Russell J. Toppin Sr. on Segregation in Cleveland

The following clip relates to the Ohio Department of Education curriculum for Social Studies education through:

  • American History Content Statement #28 – Following World War II, the United States experienced a struggle for racial and gender equality and the extension of civil rights.
  • American Government Content Statement #7 – Constitutional government in the United States has changed over time as a result of amendments to the U.S. Constitution, Supreme Court decisions, legislation and informal practices.

 

Abstract:

Russell J. Toppin Sr. grew up in the Cedar-Central and Glenville neighborhoods. He worked at Addressograph-Multigraph and later the Home Repair Resource Center. In this story clip, he recounts the segregation he and other African Americans had to deal with in Cleveland in the 1950s and 60s. His account details the separate skating rinks in the city, whites went to Skateland and African Americans went to Pla-Mor. The city did not put signs up indicating segregation, however, he explains there were places where, as an African American, you knew not to go.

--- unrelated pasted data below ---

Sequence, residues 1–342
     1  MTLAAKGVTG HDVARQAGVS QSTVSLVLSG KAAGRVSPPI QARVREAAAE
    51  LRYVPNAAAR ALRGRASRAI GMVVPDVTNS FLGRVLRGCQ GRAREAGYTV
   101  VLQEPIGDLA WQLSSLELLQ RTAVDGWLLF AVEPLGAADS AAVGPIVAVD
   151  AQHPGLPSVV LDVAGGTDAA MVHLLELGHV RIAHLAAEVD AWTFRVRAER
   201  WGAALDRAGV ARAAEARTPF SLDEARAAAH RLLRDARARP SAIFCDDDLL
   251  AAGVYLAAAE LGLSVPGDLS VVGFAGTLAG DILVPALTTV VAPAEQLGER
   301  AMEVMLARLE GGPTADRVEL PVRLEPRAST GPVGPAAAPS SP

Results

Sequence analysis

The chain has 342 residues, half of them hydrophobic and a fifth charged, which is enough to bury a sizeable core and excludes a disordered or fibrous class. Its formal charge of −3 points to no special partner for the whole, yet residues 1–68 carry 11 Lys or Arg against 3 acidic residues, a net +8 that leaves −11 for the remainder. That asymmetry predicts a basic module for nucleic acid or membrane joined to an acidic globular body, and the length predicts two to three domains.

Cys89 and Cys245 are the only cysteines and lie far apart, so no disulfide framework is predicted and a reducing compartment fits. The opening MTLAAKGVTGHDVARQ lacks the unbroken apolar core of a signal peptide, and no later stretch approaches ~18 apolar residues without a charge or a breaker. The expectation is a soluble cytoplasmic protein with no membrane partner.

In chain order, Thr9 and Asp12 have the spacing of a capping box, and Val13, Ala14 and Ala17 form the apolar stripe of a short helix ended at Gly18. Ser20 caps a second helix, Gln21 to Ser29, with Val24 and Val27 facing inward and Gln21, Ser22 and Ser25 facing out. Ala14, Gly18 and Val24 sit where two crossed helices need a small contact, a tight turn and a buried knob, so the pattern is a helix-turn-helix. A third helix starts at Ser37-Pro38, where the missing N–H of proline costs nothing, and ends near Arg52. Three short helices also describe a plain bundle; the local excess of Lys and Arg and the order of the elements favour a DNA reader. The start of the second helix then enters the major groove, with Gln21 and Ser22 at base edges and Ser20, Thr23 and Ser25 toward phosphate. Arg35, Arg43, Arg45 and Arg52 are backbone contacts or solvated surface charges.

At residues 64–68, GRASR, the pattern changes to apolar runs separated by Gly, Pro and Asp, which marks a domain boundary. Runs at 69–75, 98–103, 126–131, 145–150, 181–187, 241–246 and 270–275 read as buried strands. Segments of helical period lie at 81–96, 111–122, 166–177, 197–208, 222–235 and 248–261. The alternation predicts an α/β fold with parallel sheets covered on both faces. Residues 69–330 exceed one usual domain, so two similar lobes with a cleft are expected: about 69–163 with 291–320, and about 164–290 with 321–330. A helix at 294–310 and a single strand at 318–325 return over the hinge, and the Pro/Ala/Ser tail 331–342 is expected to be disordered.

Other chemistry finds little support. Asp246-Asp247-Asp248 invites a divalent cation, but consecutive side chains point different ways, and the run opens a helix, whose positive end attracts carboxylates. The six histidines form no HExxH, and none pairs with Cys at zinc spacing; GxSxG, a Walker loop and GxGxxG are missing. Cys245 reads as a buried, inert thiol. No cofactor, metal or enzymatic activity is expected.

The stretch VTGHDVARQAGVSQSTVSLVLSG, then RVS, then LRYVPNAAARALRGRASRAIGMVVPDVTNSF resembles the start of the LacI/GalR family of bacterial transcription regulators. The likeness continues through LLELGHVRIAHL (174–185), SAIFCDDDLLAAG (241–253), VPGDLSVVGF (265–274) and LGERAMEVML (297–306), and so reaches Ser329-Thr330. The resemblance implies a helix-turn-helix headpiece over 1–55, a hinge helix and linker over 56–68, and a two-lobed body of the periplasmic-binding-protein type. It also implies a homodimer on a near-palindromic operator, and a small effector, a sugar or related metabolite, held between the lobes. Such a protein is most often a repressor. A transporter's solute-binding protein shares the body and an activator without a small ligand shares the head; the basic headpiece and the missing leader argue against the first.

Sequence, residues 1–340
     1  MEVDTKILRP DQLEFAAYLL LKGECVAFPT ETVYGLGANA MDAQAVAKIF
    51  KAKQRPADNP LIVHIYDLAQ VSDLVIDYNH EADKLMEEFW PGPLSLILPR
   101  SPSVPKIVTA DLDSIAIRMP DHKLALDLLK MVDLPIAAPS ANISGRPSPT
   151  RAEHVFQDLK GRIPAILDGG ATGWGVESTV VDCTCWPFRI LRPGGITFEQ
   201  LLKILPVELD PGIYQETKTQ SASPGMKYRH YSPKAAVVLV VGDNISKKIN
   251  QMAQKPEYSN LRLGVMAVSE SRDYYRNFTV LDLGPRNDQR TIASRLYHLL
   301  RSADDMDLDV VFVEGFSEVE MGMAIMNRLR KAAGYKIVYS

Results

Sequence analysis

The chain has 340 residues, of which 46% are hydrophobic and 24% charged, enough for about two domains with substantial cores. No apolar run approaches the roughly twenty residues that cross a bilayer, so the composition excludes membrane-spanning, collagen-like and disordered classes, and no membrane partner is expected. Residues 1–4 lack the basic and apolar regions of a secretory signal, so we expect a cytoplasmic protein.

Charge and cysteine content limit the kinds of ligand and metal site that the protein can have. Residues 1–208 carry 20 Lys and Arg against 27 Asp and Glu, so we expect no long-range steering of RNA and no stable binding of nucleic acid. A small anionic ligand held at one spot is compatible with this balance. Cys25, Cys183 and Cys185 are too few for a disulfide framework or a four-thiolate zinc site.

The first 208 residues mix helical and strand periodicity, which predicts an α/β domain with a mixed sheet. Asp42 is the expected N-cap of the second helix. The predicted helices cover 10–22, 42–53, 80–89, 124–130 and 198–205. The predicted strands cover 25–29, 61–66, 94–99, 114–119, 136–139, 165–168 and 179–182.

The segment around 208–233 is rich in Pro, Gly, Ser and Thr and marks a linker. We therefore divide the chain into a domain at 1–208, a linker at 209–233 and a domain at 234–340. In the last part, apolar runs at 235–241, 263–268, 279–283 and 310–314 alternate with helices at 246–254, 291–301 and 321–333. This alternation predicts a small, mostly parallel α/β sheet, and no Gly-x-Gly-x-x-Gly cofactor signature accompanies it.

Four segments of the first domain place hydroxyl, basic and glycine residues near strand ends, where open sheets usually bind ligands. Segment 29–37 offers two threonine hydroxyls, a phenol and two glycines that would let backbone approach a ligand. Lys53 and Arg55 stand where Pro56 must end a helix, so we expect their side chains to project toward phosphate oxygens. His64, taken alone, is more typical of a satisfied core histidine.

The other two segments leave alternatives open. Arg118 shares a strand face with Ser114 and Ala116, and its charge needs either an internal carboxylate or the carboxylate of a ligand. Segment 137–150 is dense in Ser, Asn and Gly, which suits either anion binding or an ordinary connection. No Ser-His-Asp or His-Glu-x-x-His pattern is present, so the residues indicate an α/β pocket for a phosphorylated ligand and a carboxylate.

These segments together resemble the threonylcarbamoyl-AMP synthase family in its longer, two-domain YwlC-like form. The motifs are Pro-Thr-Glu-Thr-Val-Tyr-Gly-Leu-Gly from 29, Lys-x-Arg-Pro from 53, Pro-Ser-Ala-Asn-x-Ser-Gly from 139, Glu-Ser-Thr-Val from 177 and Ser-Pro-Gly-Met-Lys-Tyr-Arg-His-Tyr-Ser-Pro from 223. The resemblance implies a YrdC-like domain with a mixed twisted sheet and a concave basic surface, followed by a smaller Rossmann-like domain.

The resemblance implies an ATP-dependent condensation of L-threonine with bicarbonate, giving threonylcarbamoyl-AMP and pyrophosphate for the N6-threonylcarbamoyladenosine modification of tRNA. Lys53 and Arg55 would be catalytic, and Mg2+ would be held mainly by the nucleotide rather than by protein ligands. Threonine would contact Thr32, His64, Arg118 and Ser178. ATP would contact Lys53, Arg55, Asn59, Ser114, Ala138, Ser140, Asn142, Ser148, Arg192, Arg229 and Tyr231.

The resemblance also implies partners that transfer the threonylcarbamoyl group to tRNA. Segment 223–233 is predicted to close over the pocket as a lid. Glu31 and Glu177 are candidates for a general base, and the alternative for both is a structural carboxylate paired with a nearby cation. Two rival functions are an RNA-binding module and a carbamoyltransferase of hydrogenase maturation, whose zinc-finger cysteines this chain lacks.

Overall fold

Potential Classroom Applications:

This clip highlights how widespread segregation of public accommodations was in the United States. Not only was it present as de jure segregation in the South but also as de facto Jim Crow in the North. A teacher could use this clip to take a closer look at how segregation impacted daily life for African Americans. This story clip provides a local connection to what was a country-wide issue, shedding light on the fact that segregation was not just in Montgomery or Mississippi.

Follow this link for the entire interview: Russell J. Toppin Sr. Interview, 19 June 2013

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